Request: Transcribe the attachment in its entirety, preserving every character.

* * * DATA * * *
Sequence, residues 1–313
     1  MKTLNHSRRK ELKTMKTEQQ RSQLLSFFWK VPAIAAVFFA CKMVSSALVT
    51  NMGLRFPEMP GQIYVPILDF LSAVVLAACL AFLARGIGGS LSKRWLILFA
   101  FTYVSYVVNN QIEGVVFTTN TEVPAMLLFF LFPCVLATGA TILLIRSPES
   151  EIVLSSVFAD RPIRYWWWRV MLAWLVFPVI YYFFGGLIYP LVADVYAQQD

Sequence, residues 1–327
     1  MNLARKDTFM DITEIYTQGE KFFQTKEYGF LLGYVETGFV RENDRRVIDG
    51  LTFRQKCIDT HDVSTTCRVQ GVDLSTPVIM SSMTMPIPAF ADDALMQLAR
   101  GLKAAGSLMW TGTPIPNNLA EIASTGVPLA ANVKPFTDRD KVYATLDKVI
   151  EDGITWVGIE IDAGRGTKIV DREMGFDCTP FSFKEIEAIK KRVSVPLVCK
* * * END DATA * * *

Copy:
Sequence, residues 1–313
     1  MKTLNHSRRK ELKTMKTEQQ RSQLLSFFWK VPAIAAVFFA CKMVSSALVT
    51  NMGLRFPEMP GQIYVPILDF LSAVVLAACL AFLARGIGGS LSKRWLILFA
   101  FTYVSYVVNN QIEGVVFTTN TEVPAMLLFF LFPCVLATGA TILLIRSPES
   151  EIVLSSVFAD RPIRYWWWRV MLAWLVFPVI YYFFGGLIYP LVADVYAQQD

Sequence, residues 1–327
     1  MNLARKDTFM DITEIYTQGE KFFQTKEYGF LLGYVETGFV RENDRRVIDG
    51  LTFRQKCIDT HDVSTTCRVQ GVDLSTPVIM SSMTMPIPAF ADDALMQLAR
   101  GLKAAGSLMW TGTPIPNNLA EIASTGVPLA ANVKPFTDRD KVYATLDKVI
   151  EDGITWVGIE IDAGRGTKIV DREMGFDCTP FSFKEIEAIK KRVSVPLVCK